August 2, 2022, 12:20 am
Arrived at USPS Regional Facility
Wait, what? No, this is heading south, AWAY from me.

August 2, 2022, 2:14 pm
Arrived at USPS Regional Facility
It’s supposed to come to Green, not go to Greensboro!

August 2, 2022, 8:29 pm
Departed USPS Regional Facility

August 4, 2022, 12:41 pm
Arrived at USPS Regional Facility
This is where it SHOULD have gone initially, less than two hours south on I-91 from the origin.

August 4, 2022, 8:16 pm
Departed USPS Regional Facility

August 4, 2022, 11:22 pm
Arrived at USPS Regional Facility

August 5, 2022, 5:46 pm
Departed USPS Regional Destination Facility

August 6, 2022, 5:57 pm
Delivered, In/At Mailbox

The original arrival date was August 2, which would have been easily met if the package had gone to SPRINGFIELD, MA, in the first place.

No joy

I’ve complained about the tenure of Postmaster General Louis DeJoy. His orders slowed mail service in the run-up to the 2020 election and into the holiday season.

DeJoy recently announced at a conservative think tank event that he wants to eliminate 50,000 jobs.  He’s still under investigation for campaign finance violations and conflicts of interest. And resists the transition to electric vehicles.

Anecdotally, I know that many are still suffering delays in deliveries. One person in my county noted it took two weeks to get an absentee ballot. In Albany, post offices have closed, making some of the others more crowded.

My daily mail is surprisingly reliable, this package debacle notwithstanding. I check daily on the Informed Delivery® by USPS®.
“Digitally preview your mail and manage your packages scheduled to arrive soon! Informed Delivery allows you to view greyscale images of the exterior, address side of letter-sized mailpieces and track packages in one convenient location.”*
* Images are only provided for letter-sized mailpieces that are processed through USPS’ automated equipment

What is your postal experience?

Snail mail: college, Medicare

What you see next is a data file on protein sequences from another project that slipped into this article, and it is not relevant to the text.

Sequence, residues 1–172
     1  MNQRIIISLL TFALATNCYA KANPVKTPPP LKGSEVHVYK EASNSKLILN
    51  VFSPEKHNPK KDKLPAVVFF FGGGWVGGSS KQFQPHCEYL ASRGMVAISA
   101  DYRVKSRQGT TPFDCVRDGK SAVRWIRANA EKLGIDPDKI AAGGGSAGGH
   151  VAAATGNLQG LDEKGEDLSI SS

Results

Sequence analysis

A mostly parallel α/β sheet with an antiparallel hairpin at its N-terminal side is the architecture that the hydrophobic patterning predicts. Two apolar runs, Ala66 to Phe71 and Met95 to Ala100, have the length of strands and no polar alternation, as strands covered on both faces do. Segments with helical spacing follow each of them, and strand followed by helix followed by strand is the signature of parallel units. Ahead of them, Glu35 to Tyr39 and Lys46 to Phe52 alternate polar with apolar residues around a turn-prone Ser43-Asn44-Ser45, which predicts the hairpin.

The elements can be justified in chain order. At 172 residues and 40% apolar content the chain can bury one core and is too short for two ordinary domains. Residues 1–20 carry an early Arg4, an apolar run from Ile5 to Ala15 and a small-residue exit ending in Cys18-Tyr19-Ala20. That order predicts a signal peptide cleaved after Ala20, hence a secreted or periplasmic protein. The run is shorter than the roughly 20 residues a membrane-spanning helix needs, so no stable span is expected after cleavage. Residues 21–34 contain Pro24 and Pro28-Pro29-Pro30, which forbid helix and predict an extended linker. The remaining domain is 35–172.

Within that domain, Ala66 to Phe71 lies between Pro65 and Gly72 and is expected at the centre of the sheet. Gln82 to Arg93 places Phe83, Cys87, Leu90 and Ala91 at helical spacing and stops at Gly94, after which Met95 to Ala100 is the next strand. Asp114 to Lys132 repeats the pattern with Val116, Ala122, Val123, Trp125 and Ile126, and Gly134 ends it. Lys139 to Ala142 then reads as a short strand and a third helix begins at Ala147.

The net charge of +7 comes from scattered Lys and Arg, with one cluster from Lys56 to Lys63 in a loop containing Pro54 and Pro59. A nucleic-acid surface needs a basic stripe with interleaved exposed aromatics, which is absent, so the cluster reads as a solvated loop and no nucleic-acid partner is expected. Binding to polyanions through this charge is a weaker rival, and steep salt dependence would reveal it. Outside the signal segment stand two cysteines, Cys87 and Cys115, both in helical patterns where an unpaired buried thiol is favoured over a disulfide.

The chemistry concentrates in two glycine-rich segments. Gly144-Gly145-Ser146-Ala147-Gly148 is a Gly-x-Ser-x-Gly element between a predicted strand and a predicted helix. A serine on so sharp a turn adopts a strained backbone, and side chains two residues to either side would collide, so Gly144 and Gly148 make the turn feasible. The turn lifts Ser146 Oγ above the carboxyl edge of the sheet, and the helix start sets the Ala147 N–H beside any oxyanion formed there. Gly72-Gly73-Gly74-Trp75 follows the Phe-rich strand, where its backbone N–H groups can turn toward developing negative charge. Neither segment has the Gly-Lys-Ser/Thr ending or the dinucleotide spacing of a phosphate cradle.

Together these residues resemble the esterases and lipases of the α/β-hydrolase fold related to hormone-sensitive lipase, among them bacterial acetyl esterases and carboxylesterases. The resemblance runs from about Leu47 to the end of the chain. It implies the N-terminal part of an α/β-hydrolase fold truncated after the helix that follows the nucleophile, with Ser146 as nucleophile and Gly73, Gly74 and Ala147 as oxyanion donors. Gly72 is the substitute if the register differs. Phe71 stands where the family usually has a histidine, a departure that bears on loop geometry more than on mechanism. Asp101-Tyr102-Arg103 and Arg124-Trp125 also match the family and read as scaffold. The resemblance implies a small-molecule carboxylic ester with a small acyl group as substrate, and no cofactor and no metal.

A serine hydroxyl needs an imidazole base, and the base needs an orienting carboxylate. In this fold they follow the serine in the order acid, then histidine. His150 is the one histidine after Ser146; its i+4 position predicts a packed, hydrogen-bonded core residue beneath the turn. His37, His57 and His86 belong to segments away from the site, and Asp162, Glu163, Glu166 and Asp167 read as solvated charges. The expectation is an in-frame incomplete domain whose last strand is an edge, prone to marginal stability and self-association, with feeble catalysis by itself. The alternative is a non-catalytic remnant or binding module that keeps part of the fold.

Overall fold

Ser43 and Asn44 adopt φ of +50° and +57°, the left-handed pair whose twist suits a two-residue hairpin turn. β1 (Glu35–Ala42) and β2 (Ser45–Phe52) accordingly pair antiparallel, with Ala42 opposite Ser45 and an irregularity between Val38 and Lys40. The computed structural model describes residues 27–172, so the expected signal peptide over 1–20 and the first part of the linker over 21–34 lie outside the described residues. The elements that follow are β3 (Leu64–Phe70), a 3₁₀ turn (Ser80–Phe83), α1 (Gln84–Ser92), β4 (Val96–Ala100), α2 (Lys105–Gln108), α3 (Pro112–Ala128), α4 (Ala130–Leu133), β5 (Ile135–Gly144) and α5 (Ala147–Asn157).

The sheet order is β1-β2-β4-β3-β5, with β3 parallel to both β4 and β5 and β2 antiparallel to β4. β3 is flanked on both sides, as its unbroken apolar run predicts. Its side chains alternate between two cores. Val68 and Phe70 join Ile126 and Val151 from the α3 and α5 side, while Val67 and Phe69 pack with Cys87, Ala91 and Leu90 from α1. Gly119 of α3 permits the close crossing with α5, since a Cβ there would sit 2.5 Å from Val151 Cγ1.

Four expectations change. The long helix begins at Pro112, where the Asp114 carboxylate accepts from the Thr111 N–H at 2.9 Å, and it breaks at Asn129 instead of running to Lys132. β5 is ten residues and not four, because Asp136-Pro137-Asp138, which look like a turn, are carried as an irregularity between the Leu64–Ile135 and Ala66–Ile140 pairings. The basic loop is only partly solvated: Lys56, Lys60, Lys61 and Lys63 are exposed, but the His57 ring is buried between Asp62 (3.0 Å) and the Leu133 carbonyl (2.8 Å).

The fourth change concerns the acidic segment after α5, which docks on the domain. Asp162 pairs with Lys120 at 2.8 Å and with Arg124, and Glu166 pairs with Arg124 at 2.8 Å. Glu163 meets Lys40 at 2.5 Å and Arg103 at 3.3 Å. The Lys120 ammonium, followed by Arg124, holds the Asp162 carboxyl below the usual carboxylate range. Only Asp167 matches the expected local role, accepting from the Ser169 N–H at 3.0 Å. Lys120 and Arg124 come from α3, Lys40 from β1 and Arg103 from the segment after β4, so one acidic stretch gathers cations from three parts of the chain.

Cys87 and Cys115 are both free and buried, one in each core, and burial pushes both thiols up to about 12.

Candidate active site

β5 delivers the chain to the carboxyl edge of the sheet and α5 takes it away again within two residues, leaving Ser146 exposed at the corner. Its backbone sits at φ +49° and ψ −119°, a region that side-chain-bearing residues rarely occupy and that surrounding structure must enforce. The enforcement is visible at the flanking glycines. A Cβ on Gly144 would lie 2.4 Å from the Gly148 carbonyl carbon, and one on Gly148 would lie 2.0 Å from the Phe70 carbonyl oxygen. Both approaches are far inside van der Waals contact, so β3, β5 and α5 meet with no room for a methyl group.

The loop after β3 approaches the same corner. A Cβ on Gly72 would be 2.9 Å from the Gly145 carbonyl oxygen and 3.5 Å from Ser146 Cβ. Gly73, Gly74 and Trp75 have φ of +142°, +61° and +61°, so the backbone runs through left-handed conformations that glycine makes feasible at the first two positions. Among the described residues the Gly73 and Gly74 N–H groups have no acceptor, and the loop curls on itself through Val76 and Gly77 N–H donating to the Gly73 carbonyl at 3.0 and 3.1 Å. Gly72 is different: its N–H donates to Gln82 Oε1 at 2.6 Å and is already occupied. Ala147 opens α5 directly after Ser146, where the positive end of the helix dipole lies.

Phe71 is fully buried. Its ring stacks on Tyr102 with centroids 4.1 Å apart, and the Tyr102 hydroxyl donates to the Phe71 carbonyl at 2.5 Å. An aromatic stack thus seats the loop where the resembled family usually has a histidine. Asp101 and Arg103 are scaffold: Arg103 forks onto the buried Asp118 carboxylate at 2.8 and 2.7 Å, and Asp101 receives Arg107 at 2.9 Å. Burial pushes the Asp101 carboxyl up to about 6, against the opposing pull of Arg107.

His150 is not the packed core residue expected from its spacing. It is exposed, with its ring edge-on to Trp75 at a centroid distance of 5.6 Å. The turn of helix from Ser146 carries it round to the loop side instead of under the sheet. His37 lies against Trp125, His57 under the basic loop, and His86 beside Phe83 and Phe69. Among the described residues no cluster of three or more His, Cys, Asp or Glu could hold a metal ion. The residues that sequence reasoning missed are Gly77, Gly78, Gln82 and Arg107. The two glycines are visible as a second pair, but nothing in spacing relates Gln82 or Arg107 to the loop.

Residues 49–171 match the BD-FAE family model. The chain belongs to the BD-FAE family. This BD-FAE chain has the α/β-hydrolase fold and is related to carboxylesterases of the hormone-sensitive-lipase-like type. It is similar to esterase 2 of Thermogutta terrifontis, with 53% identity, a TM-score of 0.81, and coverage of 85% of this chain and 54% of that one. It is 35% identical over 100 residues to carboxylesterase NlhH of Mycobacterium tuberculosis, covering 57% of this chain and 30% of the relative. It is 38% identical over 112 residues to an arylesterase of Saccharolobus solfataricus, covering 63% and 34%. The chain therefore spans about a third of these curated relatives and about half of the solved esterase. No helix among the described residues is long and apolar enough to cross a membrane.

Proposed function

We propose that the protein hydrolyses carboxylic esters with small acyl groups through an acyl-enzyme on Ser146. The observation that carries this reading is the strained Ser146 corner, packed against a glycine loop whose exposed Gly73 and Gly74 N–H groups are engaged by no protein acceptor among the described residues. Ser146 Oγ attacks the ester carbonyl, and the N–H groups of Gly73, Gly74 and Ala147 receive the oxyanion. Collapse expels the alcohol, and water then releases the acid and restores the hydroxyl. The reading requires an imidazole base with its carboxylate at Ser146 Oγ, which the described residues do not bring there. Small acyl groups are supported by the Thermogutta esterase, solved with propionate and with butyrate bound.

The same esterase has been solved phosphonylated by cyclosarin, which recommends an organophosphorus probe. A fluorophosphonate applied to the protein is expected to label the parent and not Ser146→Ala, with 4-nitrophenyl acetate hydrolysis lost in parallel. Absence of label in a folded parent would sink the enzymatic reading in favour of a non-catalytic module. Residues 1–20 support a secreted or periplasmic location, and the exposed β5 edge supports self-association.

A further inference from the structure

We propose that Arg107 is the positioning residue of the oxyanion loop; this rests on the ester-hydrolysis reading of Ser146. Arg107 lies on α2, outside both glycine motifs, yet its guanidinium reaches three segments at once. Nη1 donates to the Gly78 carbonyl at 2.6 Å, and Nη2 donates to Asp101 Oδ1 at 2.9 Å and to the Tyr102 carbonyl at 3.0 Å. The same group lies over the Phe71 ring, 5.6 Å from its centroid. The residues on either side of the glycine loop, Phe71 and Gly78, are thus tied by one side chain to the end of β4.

snail mailOn Monday, October 18, our household received 23 pieces of snail mail. Good golly!  Usually, it’s about eight. When I opened the mailbox, items cascaded out.

Seven were for my daughter, almost all of them from colleges that wrote that they want her to apply to their college or university. Five were for my wife, catalogs and bills mostly. Two were jointly for my wife and me from organizations we belong to.

Almost all of the nine for me were from insurance companies. The period from October 15 to December 7 constitutes when I can change coverage for my Medicare supplement, including prescription coverage, dental, and eye care.

My Rx coverage is scheduled to go up about 74%, so I would like to find a company that will cost the same or less while providing similar coverage. There IS a process for this, but it involves entering the names of all of my physicians and pharmaceuticals. Tedious but necessary.

One of the pieces of mail is from an organization that I ostensibly agree with philosophically. But I don’t give them money because they mail the solicitation to Roger C. Green. Actually, I get quite a few of them each month, and I haven’t given any of them a dime. Get my name from some mailing list company, then you hope the information is correct.

He brings me no joy

Of course, thinking about the mail makes me think of the dreadful and corrupt Louis DeJoy. I’ve discovered that a lot of people don’t understand why Biden hasn’t just fired him as Postmaster General. It’s not that simple.